I led him to Christ. He let me stay in his house. Twenty years separate the previous two statements. I am in Melbourne to attend son Stephen’s graduation. (Was it only yesterday that I carried him newly born in the Penang maternity hospital?) When Ken heard I was coming, he offered his house for us to stay. It is a beautiful home, an ideal place to stay as we share in Stephen’s academic joys, and a quiet retreat to catch my breath at the end of a very demanding year.
I led Ken to the Lord twenty years ago. I was a young pastor in Penang then. As was my usual practice in those days, I would take the person I hope to win to Christ to a cafe or a restaurant. We would first feast on food and conversation. During dessert I would whip out a copy of the Four Spiritual Laws (4SL) and run through the material.
I didn’t use the 4SL to confront strangers with the gospel. I would first seek to build a relationship with the people I hope to influence for Christ. Lacking the discipline to do the memory work necessary for Evangelism Explosion (EE) and finding the EE approach a bit canned, I found the 4SL useful when it came time to try to “clinch the deal.”
I am not a natural evangelist. Such “witnessing meals” were tense affairs. I hardly remembered what I ate. (I do remember that when I shared the gospel with Ken’s brother, we had fish head curry.) I am surprised I didn’t get indigestion more often. And when someone said that they were ready to follow Christ, I would be surprised and would try to establish if the person knew what he or she was doing. God of course takes great delight in using all sorts of imperfect vehicles for His purposes. So there were the times that folks like Ken were ready to follow Christ and did so.
I met Ken in Singapore recently and we both agreed that the seeds of the gospel had been sown in his life long before that mealtime evangelistic challenge. God had been wooing him long before the day that he prayed the prayer at the end of the 4SL. I only had the privilege to be there at the moment of “reaping” but many others had done the hard work of “sowing” and “watering.”
What is particularly joyful is to see what God has done in Ken’s life since. Ken and his family are seriously committed to Jesus and all of them are impacting others for Christ. Clearly, Jesus and His agenda are very real for them. And what for me is proof of vital faith for a businessman, Ken actively seeks to apply kingdom values in how he does business. And the hospitality he extends to my family for our trip to Melbourne is just another demonstration of the heart of Christ in him.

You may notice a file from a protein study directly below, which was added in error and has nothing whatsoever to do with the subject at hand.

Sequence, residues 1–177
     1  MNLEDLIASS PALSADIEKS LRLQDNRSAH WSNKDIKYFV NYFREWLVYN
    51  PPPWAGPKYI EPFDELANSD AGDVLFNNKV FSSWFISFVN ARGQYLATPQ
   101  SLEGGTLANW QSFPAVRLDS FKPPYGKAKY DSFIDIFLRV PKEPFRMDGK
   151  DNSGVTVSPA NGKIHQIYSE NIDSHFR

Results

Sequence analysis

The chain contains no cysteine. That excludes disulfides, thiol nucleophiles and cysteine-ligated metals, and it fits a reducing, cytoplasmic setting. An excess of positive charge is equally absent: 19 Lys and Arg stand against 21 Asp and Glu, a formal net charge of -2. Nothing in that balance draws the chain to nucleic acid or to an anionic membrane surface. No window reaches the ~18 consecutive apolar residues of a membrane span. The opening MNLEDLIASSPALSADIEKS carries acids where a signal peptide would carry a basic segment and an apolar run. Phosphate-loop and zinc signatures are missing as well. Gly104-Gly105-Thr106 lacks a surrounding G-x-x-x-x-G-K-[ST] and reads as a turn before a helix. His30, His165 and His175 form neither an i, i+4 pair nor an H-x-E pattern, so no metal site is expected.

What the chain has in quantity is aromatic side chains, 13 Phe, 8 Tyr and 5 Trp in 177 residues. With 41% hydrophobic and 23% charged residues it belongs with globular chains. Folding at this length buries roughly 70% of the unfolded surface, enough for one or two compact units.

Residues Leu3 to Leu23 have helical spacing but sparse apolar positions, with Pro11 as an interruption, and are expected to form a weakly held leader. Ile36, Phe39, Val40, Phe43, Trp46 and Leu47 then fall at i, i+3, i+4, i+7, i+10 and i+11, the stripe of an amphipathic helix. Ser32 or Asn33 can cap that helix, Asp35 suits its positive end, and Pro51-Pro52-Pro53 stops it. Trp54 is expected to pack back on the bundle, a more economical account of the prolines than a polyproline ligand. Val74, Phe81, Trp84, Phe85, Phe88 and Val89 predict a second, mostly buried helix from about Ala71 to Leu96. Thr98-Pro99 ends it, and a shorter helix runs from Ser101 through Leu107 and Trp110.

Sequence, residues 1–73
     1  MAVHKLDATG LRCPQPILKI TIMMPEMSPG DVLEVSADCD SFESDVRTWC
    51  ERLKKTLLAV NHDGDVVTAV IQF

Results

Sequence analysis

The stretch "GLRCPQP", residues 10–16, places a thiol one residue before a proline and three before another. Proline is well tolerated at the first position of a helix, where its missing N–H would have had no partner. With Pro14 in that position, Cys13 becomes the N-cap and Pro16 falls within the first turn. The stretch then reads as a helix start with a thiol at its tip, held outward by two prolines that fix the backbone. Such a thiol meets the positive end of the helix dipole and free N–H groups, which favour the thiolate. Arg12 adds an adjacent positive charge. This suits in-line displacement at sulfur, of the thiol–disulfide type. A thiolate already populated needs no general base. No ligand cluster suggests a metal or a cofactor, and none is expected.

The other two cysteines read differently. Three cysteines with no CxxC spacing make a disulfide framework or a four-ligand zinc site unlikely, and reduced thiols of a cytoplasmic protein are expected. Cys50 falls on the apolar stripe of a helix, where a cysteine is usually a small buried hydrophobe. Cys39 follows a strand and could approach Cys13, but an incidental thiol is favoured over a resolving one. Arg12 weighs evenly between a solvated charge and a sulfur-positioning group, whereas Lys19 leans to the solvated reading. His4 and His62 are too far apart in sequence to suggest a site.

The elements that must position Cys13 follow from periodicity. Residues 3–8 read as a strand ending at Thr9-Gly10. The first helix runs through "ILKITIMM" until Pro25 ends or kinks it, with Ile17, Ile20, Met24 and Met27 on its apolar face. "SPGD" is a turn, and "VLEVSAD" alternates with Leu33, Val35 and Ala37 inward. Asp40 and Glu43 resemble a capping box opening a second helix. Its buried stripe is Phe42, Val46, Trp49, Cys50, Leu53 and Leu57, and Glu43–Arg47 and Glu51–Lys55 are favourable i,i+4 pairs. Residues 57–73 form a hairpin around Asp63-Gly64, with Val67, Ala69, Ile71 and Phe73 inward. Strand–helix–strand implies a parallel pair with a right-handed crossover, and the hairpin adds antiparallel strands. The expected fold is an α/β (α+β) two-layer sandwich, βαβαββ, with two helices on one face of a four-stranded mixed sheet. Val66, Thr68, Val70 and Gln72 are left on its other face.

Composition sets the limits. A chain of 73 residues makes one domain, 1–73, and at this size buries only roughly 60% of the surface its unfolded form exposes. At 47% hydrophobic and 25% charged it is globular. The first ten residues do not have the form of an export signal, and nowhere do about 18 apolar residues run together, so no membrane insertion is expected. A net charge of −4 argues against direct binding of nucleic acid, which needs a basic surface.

I still do evangelism though not as often as I like since a lot of my ministry is helping young Christian leaders grow in the faith. I am still nervous when I share the gospel but I welcome every opportunity to do so, whether through personal evangelism or through evangelistic preaching. And once in a while God continues to surprise this middle aged nervous “evangelist” and people actually respond positively to the challenge to follow Christ.
This is not an easy time to be doing evangelism. I was at a public lecture given by Archbishop of Canterbury, Dr. Rowan Williams, in Singapore recently. He reminded us that since September 11, there are those who argue that religious communities should surrender any notion of absolute truth. (And if we no longer hold to absolute truth then why bother with the hard work of evangelism.) These voices argue that it is because the different religions believe in absolute truth, and believe different things to be true, that are a key cause of violence and conflict in the world.
Archbishop Williams did not deny that the different religious communities need to work harder at learning how to live together. But he said that to surrender a commitment to absolute truth would not remove intercommunal conflict. If we surrender a commitment to absolute truth, all we will be left with is raw power and the groups with more power will try to subjugate those with less. There will no longer be the ethical leavening of a commitment to any truth higher than us. Intercommunal conflict will continue and may indeed worsen.
Christians should be at the forefront of any attempt to build bridges of understanding between different communities. Among other things, we believe in the dignities of all peoples because we believe that all bear the image of God. But we will not surrender our commitment to absolute truth because the God of the universe has revealed Himself, first in His dealings with Israel, then through Christ, and then through the Bible that bears testimony to His revelation (Hebrews 1:1-4).
Our first call is to love neighbour (Luke 10:27). We are to love people whether they accept Christ or not. But it is precisely because we love our neighbours that we will at some point point them to the saving truth of the gospel and the saving invite of Jesus.
This Sunday I will have the privilege of preaching a Christmas sermon in a church here in Melbourne. I am told that there will non-Christians present. Again I will call folks to respond to the gospel of Jesus Christ. Will I be nervous? Of course. But my trust is not in my own efforts. I will trust in the power of the Holy Spirit. And in the saving truth of the gospel itself.